High expression of T-cell and B-cell signatures in infiltrates in the tumor microenvironment predicted improved overall survival across many tumor types, according to a study reported by Iglesia et al in the Journal of the National Cancer Institute. Benjamin Vincent, MD, of UNC (University of North Carolina) Lineberger Comprehensive Cancer Center, is the corresponding author of the Journal of the National Cancer Institute article.
The study involved use of mRNA sequencing using data from The Cancer Genome Atlas from 11 tumor types representing 3,485 tumors. Lymphocyte and macrophage gene expression were evaluated by tissue type and genomic subtypes defined within and across the tumor tissue of origin. Clonal diversity of B-cell infiltrates was assessed by calculating the sequence diversity of the B-cell receptor (BCR) repertoire.
Associations With Survival
High expression of T-cell and B-cell signatures predicted improved overall survival across many tumor types, including breast (eg, CD8 T cells hazard ratio [HR] = 0.36, 95% confidence interval [CI] = 0.16–0.81, P = .01), head and neck, lung adenocarcinoma (eg, B-cell 60-gene signature HR = 0.71, 95% CI = 0.58–0.87, P < .05), melanoma (eg, T-cell LCK signature HR = 0.86, 95% CI = 0.79–0.94, P < .05), and endometrial cancers. Macrophage signatures were associated with worse survival in glioblastoma multiforme (macrophages HR = 1.62, 95% CI = 0.17–2.26, P = .004), and B-cell signatures were associated with worse survival in renal tumors (B-cell 60-gene signature HR = 1.17, 95% CI = 1.04–1.32, P = .009). BCR diversity was associated with poorer survival in melanoma (HR = 2.67, 95% CI = 1.32–5.40, P = .02) and better survival in renal cell carcinoma (HR = 0.36, 95% CI = 0.15–0.87, P = .006) beyond the associations observed for gene-segment expression.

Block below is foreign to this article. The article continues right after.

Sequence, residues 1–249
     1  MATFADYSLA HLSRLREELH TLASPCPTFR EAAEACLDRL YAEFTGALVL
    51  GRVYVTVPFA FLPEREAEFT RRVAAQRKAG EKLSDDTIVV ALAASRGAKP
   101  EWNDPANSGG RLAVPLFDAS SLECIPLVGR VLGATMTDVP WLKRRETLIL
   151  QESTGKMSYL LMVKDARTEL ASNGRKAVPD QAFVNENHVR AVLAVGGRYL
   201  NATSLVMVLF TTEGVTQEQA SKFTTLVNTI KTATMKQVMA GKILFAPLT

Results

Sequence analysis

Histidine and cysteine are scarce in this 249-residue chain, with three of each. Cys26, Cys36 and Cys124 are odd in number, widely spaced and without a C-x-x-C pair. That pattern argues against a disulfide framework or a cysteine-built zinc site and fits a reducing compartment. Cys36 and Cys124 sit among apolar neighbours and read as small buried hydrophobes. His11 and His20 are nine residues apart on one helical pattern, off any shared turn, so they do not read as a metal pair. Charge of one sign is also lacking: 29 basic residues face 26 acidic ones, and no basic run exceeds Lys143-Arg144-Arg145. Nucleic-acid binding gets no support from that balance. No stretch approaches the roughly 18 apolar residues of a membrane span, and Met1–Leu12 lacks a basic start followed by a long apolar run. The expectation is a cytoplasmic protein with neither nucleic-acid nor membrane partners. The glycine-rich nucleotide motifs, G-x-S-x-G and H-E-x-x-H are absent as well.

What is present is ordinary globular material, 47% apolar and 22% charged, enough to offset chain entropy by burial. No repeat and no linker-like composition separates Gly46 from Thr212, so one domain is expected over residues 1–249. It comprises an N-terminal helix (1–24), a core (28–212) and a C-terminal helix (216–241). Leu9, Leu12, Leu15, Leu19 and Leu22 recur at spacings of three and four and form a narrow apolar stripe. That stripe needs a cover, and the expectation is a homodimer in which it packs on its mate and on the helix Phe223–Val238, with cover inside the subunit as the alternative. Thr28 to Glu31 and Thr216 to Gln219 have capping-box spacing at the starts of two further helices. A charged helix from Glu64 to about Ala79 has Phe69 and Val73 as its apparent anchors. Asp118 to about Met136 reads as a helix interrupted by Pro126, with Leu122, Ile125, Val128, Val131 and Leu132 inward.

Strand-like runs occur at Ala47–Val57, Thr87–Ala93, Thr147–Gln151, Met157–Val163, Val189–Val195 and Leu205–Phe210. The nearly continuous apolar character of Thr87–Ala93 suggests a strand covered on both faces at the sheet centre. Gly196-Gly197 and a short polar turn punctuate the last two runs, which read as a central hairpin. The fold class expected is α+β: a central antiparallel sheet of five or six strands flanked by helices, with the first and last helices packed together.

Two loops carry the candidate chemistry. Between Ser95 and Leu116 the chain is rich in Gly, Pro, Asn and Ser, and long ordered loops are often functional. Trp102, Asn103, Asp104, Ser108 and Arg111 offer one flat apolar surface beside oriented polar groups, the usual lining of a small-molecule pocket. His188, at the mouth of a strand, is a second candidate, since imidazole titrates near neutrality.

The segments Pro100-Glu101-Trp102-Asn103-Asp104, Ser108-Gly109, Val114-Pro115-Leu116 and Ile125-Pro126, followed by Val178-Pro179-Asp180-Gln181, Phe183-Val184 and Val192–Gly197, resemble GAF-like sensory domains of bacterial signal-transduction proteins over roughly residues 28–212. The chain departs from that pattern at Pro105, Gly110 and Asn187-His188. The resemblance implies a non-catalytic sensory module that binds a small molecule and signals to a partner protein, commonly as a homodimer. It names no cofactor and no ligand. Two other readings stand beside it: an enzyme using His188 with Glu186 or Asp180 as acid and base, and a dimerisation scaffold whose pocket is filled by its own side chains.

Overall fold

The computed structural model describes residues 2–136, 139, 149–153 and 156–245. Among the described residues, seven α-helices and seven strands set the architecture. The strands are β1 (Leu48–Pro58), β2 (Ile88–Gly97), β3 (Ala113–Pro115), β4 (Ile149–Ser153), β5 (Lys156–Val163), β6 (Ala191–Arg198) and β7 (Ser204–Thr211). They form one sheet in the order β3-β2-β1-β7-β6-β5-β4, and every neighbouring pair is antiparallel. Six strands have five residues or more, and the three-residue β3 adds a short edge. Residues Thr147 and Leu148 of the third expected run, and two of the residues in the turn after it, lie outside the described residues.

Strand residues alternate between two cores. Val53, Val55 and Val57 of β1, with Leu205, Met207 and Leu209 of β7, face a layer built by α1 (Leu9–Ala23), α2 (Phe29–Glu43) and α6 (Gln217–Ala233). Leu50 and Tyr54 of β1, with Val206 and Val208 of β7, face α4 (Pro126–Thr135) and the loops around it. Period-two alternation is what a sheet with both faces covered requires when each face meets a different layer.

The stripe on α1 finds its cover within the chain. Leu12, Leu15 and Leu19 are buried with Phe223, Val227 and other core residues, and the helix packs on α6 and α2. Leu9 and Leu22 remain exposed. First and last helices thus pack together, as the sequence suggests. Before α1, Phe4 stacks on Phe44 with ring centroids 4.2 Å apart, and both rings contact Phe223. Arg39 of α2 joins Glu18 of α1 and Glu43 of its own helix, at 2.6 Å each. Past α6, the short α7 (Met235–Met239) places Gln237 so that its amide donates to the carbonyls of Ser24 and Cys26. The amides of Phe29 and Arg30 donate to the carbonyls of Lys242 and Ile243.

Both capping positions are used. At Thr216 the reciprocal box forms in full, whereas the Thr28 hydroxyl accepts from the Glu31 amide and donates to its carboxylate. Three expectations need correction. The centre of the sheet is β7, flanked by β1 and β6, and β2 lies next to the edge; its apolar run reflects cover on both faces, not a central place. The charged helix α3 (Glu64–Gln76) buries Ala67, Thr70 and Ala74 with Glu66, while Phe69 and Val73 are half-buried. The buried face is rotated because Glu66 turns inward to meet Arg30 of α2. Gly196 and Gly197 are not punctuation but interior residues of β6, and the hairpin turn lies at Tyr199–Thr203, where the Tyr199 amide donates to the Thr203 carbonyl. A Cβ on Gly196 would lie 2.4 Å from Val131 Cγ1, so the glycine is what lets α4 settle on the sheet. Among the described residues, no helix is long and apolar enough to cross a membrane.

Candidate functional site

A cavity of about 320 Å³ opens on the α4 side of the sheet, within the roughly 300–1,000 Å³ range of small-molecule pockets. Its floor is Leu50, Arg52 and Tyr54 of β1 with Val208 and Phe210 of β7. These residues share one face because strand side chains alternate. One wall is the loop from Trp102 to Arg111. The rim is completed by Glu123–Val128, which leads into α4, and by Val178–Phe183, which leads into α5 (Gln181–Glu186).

The investigators concluded: “These data support existing studies suggesting that in diverse tissue types, heterogeneous immune infiltrates are present and typically portend an improved prognosis. Quantitative genomic signatures of immune cells warrant further testing as prognostic markers and potential biomarkers of response to cancer immunotherapy.”
The study was supported by The Cancer Genome Atlas, National Cancer Institute Breast Specialized Programs of Research Excellence program, Breast Cancer Research Foundation, UNC University Cancer Research Fund, UNC Oncology Clinical Translational Research Training Program, and William Guy Forbeck Research Foundation. ■